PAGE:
It’s been a whirlwind journey for Mipso, the bluegrass-indie-folk band formed by Carolina grads in 2010. What started as a fun side project for three college buddies took off, at first locally and then regionally. Their most recent album, “Old Time Reverie,” debuted last October at the No. 1 spot on Billboard’s Bluegrass Chart.
With a background in classical violin, Libby Rodenbaugh began playing with what was then the Mipso Trio as a student. Her fiddle work is on the first track Mipso ever recorded, but she only played periodically when schedules allowed for the first few years. Eventually, the band dropped the “trio” and added Libby full time – the lone female member. Last year, they clocked 240 days on the road. We caught up with Libby during a rare day at home.
What made you decide to officially join Mipso?
I was really hesitant. I’d never been a performer, and I didn’t really see myself as a musician – that sounds funny to say because I had played music forever. But I had never done it on stage, and it felt a little unnatural to me. When [the other bandmates] graduated, [they] did it full time for a year, and I’d play with them on weekends; sometimes I’d fly out for a show somewhere. Honestly, it was so fun.
I thought, “What are the chances I’m going to have the opportunity again to join a band where everything’s already been laid out for me?” They’d done all the groundwork; they’d started touring and made a name for themselves. All I had to do was jump in, so I did when I graduated.
Do you feel the need to define yourself as “the female band member?”
I go back and forth about it. I feel like a lot of women think about how they get dressed every day anyway; I get even more hung up on it because we’re on stage. And we play for such different crowds: Sometimes we’re playing for an older conservative crowd in a seated theater, and sometimes we’re playing for young kinds in a bar in Manhattan. There are questions about how much I want to play up my sexuality, about what’s appropriate for different venues and about how the audience will perceive me.
I think it would be empowering to not worry about it altogether, and sometimes I do have that mentality. The good news is that I have such a wide-ranging interest in clothes [and] this job allows me to really run the gamut. At the same time as I make this sound fraught and complicated, I definitely have fun with it! And the guys are really great, sensitive, liberal dudes, so it’s all good. But there’s still a definite lack of female energy around me on the road.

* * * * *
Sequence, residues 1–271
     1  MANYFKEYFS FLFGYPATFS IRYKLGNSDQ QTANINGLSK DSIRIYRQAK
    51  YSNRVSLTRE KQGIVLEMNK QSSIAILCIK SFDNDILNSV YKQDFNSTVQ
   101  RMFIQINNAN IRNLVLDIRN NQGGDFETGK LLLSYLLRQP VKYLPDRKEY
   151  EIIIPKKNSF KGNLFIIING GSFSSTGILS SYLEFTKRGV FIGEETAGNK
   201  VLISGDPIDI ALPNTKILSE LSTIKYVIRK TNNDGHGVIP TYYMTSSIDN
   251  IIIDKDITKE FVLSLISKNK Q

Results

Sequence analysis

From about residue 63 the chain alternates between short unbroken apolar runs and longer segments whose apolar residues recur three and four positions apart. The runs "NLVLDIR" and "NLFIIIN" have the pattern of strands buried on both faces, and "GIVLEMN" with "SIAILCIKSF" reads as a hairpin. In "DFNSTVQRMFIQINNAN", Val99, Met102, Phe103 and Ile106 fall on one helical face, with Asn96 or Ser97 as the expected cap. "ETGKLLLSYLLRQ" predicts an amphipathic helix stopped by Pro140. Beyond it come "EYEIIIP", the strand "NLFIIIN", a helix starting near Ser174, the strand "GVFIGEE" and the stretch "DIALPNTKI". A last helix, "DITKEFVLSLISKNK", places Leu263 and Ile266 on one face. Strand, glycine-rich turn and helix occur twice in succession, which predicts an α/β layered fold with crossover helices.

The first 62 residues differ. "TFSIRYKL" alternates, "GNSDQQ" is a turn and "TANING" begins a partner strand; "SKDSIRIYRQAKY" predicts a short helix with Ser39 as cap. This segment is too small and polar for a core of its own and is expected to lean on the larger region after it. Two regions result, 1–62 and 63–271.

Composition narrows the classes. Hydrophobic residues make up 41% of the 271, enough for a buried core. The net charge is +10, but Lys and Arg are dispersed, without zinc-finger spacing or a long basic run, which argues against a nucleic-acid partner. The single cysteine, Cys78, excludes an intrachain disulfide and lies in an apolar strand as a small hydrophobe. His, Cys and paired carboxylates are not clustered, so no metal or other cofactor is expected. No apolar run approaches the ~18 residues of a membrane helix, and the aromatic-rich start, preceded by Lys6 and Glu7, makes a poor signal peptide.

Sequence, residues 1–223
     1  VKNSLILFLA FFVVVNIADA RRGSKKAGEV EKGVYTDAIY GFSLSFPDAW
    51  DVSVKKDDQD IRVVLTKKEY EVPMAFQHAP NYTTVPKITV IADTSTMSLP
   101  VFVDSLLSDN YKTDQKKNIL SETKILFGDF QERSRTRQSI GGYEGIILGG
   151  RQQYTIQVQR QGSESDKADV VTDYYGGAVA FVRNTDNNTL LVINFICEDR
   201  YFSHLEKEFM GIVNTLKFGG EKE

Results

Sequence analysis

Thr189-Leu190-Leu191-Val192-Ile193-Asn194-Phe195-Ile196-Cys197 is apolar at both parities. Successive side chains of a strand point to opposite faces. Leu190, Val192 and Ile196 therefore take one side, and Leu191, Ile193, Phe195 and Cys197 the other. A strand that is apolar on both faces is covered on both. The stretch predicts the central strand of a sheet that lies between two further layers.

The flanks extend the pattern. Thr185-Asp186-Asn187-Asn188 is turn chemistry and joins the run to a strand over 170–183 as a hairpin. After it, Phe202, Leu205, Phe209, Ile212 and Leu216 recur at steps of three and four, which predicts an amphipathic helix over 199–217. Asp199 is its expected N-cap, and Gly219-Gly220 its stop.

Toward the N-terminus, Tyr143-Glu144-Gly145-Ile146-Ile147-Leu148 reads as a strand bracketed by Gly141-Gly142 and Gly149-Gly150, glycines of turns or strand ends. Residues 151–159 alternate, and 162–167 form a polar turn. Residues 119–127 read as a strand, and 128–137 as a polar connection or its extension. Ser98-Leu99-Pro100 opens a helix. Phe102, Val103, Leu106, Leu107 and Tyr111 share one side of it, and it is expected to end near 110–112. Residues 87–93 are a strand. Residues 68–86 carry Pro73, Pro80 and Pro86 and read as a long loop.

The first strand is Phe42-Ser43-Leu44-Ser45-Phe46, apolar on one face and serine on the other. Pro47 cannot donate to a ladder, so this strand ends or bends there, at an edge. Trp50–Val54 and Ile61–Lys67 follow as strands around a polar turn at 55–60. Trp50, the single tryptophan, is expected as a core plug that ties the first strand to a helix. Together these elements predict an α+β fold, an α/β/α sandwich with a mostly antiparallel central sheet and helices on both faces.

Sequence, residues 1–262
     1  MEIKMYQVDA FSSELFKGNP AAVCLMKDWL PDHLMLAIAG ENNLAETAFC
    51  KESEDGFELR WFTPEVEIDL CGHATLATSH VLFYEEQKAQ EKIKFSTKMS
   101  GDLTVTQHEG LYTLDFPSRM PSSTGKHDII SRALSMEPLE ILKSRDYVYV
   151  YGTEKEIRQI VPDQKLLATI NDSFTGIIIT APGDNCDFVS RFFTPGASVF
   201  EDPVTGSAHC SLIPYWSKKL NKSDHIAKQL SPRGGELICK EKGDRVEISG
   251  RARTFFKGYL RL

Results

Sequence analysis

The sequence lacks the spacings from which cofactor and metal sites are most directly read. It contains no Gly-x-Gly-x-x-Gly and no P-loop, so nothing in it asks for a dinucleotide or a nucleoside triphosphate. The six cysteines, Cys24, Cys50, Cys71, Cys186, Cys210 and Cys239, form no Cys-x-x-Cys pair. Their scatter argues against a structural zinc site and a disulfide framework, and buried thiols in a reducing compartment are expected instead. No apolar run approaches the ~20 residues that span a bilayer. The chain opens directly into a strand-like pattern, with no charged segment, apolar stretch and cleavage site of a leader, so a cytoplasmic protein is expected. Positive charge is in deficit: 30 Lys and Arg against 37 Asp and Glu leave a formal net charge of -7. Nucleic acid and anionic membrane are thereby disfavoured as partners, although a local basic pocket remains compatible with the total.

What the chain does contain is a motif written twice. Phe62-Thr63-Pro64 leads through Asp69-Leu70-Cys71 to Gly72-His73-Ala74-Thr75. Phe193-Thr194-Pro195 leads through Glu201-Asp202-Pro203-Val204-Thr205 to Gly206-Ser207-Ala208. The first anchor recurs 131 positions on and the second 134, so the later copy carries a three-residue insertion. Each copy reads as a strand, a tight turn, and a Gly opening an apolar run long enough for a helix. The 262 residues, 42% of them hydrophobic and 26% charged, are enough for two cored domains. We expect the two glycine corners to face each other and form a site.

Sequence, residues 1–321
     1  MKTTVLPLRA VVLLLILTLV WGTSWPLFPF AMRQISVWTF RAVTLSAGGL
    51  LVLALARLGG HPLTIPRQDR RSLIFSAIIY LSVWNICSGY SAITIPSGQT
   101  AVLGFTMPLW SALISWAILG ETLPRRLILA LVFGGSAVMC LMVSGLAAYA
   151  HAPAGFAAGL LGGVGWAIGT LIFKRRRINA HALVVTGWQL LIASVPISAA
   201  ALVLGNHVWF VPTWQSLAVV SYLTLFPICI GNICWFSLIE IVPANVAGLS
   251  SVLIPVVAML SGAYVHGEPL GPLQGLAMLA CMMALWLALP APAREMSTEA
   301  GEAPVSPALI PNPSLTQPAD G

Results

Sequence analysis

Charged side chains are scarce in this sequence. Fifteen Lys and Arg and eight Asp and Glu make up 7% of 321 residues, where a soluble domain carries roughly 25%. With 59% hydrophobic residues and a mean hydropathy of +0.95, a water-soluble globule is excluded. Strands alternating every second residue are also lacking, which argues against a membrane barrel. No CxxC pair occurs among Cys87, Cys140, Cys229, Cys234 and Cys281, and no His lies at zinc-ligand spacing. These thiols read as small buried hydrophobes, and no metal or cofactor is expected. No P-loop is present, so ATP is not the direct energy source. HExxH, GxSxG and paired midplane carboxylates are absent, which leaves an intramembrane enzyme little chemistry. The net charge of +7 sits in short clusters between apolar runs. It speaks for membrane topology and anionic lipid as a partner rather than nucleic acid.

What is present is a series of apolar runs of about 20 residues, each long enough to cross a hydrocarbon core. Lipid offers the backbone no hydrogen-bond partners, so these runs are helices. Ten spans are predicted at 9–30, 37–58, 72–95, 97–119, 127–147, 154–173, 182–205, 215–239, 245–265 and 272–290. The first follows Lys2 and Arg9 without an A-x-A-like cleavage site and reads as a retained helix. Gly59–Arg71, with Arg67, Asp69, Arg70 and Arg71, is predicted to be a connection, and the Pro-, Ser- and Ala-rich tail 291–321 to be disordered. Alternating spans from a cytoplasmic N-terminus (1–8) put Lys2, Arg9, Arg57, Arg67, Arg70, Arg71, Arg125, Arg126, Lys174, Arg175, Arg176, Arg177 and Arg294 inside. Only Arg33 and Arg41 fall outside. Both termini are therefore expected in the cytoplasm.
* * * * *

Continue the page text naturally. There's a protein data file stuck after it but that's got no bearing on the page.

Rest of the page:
How does Mipso maintain its jam-packed tour schedule?
It’s definitely not sustainable – not for me, anyway. We want to do it at this intensity for another year or so at least, which is another album cycle. The hope is that then we’ll have laid the groundwork for sparser touring in the future. We know we won’t be able to do this once we lead less inward lives, like getting married and having kids; and some or all of us definitely want to do that. It’s already a capricious industry and then we’re at a capricious phase of our lives. This is a really discrete moment in our lives where all we’re doing is trying to make our own music. We know that, and we want to do it while we can.
What’s the best part of being home?
I’m both constantly alone and never alone when I’m on the road. When I’m home, I hang out with my friends, go to IP3, go out to the bars. I try to play a lot of music, but not [much] Mipso – to remind myself of the other music I like to play. I listen to music. I play my records. I drink a ton of coffee and spend a lot of time just in my house. That’s where I finally have the time to write.
I walk down by the Haw River. Saxapahaw is like a little island out in the middle of the country: There’s an interesting mix of people. It’s a nice microcosm of the New South out here. Cane Creek Farm recently moved behind my house. I’ve always run in the fields out here, ever since I’ve lived here. Now it’s filled with pigs and baby goats; it’s a very life-affirming way to start my day.
Libby graduated from UNC in May 2014, where she was a Morehead-Cain Scholar and studied folklore and American studies. The Greensboro native lives in Saxapahaw.